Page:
I’ve discovered that “beach books” only taste good poolside. And since it’s too hot to actually lay outside for any length of time, I’ve chosen sofa over surfing and replaced my chick-lit guilty pleasures with slightly more dense reading…
Here’s a quick mash-up of fiction I’ve read and enjoyed recently but am always on the lookout for more!
My intention is to tackle a new book each week, offering a more in-depth review than this. Honestly, I have been known to buy a book because of the way it feels, or smells. I’ll try to be more discerning here but I’m learning that book reviews are tricky. Do you read them? Do you often buy a book based on a review (if so, who’s?) or do you use the same scratch and sniff approach I do?
A Complicated Kindness is everything pure and delightful and honest….This is not a new book, but it is one that should be read again. And again…and again.
“When you’re a Mennonite you can’t even yearn properly for the world because the world turns that yearning into comedy. It’s a funny premise for a movie, that’s all. Mennonite girl in New York City. Amish family goes to Soho. It’s terribly depressing to realize your innermost desires are being tested in Hollywood for laughs per minute.”
The Sentimentalist is an incredibly lyrical story and I’m so proud I had the privilege of having Johanna as my writing instructor this summer. In life, as in her books, she is thoughtful, precise and full of warm intentions. Here is an excerpt:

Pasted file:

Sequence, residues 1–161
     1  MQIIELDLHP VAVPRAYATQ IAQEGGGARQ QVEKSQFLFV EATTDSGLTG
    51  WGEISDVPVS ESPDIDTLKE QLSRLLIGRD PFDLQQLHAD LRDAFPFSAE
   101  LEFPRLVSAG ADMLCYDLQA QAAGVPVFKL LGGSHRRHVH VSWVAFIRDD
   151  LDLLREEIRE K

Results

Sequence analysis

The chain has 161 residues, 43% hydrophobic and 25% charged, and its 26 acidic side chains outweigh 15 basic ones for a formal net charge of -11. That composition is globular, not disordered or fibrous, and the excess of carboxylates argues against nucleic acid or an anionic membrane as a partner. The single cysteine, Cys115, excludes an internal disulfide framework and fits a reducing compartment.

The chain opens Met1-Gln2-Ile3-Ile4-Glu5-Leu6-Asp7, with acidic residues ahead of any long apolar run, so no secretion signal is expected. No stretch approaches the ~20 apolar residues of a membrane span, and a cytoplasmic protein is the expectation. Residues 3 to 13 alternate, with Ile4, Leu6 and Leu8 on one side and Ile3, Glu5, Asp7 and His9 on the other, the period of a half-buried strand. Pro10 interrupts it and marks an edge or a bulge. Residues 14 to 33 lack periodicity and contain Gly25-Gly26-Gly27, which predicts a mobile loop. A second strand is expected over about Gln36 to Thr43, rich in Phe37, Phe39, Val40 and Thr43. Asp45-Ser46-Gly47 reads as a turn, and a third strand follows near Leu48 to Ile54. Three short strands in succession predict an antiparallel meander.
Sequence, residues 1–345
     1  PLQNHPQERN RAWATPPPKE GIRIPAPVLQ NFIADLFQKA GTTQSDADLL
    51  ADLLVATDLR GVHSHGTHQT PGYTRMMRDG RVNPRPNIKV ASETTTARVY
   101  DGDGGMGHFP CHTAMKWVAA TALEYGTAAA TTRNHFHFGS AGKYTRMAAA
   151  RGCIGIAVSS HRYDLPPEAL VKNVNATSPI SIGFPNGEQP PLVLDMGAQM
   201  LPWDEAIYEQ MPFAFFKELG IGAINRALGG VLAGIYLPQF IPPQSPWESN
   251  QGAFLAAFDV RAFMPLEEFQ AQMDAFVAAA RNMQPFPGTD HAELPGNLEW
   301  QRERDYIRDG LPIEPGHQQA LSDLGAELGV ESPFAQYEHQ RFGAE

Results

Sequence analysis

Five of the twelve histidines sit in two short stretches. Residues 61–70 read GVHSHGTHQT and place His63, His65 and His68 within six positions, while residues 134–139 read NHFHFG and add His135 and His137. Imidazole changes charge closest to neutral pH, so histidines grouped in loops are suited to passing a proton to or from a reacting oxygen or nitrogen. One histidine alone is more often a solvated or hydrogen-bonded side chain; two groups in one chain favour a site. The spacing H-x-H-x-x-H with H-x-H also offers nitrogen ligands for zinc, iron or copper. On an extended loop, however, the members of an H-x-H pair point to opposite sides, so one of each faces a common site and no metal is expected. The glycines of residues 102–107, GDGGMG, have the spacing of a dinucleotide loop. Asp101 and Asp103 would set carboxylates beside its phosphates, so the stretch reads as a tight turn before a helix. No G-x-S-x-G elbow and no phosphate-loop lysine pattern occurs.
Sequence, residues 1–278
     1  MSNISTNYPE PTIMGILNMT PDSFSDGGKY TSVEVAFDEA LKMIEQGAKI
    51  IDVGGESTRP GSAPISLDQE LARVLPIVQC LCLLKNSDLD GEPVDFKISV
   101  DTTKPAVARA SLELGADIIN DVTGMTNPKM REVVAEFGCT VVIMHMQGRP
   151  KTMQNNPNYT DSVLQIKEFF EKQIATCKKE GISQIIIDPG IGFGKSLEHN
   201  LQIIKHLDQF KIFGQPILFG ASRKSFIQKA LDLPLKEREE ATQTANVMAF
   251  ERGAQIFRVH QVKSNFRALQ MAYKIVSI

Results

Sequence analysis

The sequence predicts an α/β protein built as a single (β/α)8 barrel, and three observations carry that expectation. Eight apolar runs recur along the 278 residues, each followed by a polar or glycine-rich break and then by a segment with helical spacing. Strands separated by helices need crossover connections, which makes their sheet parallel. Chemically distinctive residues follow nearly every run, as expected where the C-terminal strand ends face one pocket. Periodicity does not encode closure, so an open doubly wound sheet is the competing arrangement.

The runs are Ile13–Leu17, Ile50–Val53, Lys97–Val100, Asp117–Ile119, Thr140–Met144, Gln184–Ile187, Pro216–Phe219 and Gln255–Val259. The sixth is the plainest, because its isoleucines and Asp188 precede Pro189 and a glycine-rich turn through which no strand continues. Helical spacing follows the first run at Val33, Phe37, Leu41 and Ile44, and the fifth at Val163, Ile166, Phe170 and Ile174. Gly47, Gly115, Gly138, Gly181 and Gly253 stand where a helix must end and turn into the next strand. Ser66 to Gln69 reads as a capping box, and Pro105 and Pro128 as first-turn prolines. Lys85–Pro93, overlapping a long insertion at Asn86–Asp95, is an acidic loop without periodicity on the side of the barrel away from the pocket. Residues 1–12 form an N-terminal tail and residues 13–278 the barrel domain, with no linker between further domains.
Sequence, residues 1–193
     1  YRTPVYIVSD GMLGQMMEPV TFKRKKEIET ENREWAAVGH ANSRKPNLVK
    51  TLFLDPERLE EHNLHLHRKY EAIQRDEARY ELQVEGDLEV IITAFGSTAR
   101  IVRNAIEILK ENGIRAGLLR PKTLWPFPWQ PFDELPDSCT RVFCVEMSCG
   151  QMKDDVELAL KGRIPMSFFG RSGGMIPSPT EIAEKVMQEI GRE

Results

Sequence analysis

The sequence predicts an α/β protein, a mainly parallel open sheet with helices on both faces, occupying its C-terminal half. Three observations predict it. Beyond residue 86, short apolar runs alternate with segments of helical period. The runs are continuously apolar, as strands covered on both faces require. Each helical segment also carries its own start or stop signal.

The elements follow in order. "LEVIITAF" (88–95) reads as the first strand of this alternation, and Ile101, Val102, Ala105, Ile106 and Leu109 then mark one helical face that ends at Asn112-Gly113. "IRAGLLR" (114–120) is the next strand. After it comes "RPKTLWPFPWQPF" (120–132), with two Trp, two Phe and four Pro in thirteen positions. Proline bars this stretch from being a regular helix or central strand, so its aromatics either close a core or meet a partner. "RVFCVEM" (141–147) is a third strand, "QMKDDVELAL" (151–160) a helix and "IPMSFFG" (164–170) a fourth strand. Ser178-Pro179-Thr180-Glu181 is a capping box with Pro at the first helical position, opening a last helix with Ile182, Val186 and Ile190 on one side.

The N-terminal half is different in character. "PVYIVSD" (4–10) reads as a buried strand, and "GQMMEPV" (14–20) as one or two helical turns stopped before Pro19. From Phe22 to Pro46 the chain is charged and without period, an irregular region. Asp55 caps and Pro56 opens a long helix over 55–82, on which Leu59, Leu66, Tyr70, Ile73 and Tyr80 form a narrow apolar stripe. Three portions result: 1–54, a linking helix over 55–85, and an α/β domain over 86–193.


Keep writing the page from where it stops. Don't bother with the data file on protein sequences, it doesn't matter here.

“That night, just before he fell into his trance, my father again read aloud my tenth grade poem, this time to Henry. I tried not to listen. And then, because that was impossible, I tried not to mind. Then, because that too proved impossible, I thought instead of that fragment of the poem my father had recited to us once, not long before: “Simplify me when I am dead.”
The Family Fang: I sent Kevin Wilson a fan letter, repeatedly calling his book by the wrong title (The Fang Family). And then when he graciously replied, careful not to correct me, I wrote him again, imposing on his kindness and essentially offering to him run his fan club. I’m still waiting for his reply. This was one of the quirkiest books I’ve read – ever – and I wish I could just make everybody else read it and love it the way I did.
“Mr and Mrs.Fang called it art. Their children called it mischief.”
In One Person: Sometimes when I meet a new person, I ask myself, would I rather be that person or marry that person? We all do this, no? Well, in the case of John Irving I am content just to read him. He writes so simply and clearly, a strength that I think masks just how complicated a man he really is. As much as I enjoy reading him (and I really really do!) I like the protection and distance that a book provides.
Excerpt: …I’ve read all your books and I know what you do—I mean, in your writing. You make all these sexual extremes seem normal—that is what you do. Like Gee, that girl, or whatever she is—or what she’s becoming. You create these characters who are so sexually ‘different,’ as you might call them—or ‘fucked up,’ which is what I would call them—and then you expect us to sympathize with them, or feel sorry for them, or something.
“Yes, that is more or less what I do,” I told him.